Spicing D&C Days: Moroccan women farmers, battling climate impacts, exhibit in Marrakech
Four agricultural cooperatives from semi-arid regions of Morocco joined forces to exhibit their wares to an international audience of development and climate specialists at the D&C Days event in Marrakech this weekend.
The women produce high-quality foodstuffs and cosmetic products from traditional crops that are “all very affected by climate change,” according to Asia Lachir, who collaborates with GIZ (German International Cooperation), which supports the Centre de Compétence Changement Climatique du Maroc (known as ‘4C Maroc’) – both D&C Days partners.
“Everyone is talking about climate change,” says Lachir. “People see the impacts on their crops, without necessarily understanding what’s happening.
“When the temperature gets too high, for example, our saffron just fails,” she says, holding one of the small jars of the russet spice used in cooking, and in Morocco also in tea, and made from the dried stigmas of crocuses.
‘Generally there is not enough water,
but when it comes there’s too much and we get floods’
With Lachir on the exhibition stand at the D&C Days venue were Nezha Elgharbaoui of the Yamna cooperative; Amina Majdi, president of the Sanad cooperative; Fatima Dounrar of Ijideguen Aguerda cooperative; and Khaddouj Boutaarit, president of the Ayour Anbbou agricultural cooperative.
They sit together at three trestle tables piled high with food and cosmetics that would probably qualify as both exotic and organic – they are all produced without either fertilizer or preservatives – elsewhere in the world.
For the larder, for example, there are honeys, spices, couscous aux herbes, confiture de prunes and huile d’argan, from the argan tree found only in Morocco – another of the principally gastronomic products that have cosmetic applications; for the bathroom there is eau floral de rose and savon noir.
In Morocco, all these products and the people who generate them are battling climate impacts.
“Generally there is just not enough water,” says Lachir, “but when it comes there’s too much and we get floods,” echoing the cycle of drought-flood-drought linked to climate change elsewhere on the African continent.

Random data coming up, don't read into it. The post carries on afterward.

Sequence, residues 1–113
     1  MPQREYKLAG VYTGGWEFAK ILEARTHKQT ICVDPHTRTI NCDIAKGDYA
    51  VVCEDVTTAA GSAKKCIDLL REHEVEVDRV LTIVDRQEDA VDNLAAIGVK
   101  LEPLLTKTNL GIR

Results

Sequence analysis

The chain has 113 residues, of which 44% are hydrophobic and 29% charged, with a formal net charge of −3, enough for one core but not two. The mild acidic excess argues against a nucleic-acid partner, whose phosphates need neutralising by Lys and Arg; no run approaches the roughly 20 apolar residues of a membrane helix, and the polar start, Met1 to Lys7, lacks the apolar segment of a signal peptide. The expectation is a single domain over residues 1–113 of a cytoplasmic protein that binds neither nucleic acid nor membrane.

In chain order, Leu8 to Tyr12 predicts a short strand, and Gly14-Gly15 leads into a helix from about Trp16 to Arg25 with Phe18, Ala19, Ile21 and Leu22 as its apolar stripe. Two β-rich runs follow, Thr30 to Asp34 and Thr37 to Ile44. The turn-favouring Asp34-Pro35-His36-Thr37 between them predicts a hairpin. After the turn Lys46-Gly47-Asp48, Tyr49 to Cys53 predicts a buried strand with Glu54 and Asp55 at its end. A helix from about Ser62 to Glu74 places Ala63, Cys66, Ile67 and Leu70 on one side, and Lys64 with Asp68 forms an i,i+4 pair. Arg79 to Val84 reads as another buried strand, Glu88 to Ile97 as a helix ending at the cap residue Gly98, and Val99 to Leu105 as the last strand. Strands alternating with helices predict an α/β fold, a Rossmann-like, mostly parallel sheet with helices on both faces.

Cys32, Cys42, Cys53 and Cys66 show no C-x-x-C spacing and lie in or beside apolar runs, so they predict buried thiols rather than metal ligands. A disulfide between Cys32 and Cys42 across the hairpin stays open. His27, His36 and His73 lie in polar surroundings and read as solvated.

“Farmers also see new parasites,” she adds, unfamiliar either by type or by location.
“GIZ supported us to tour these cooperatives explaining what climate change means. I spent two days in each one with a colleague, talking to women producers, explaining what’s happening with the climate and what might happen in the future.”
For its part, the Moroccan Red Crescent “has been working for many years in environmental education, encouraging and helping people keep their neighbourhoods clean, for example,” says M’hamed En-Nosse, Director of Projects and Partnerships of the Moroccan National Society.
“Now we’re very interested in the new challenges of climate change over the next few years and including climate factors in our programmes.”
En-Nosse explains that impacts and hazards associated with climate vary widely in Morocco from, broadly speaking, floods in the north of the country to extreme heat n the south.
The country's 2016 ‘Nationally Determined Contribution’ says that “Because of its geographical position, Morocco is highly vulnerable to the adverse effects of climate change, while its contribution to the causes…is extremely low.”
Also at D&C Days, junior chefs from the Cafe Clock cooking school, on Derb Chtouka in the Kasbah, took part in a culinary side-event organized by the Clmate Centre to illustrate how climate impacts can be reflected in cuisine.
Women from agricultural cooperatives in semi-arid regions of Morocco exhibited their wares to development and climate specialists at the D&C Days event in Marrakech this weekend. They produce high-quality foodstuffs and cosmetic products from traditional crops affected by climate change.
(Photo: Climate Centre)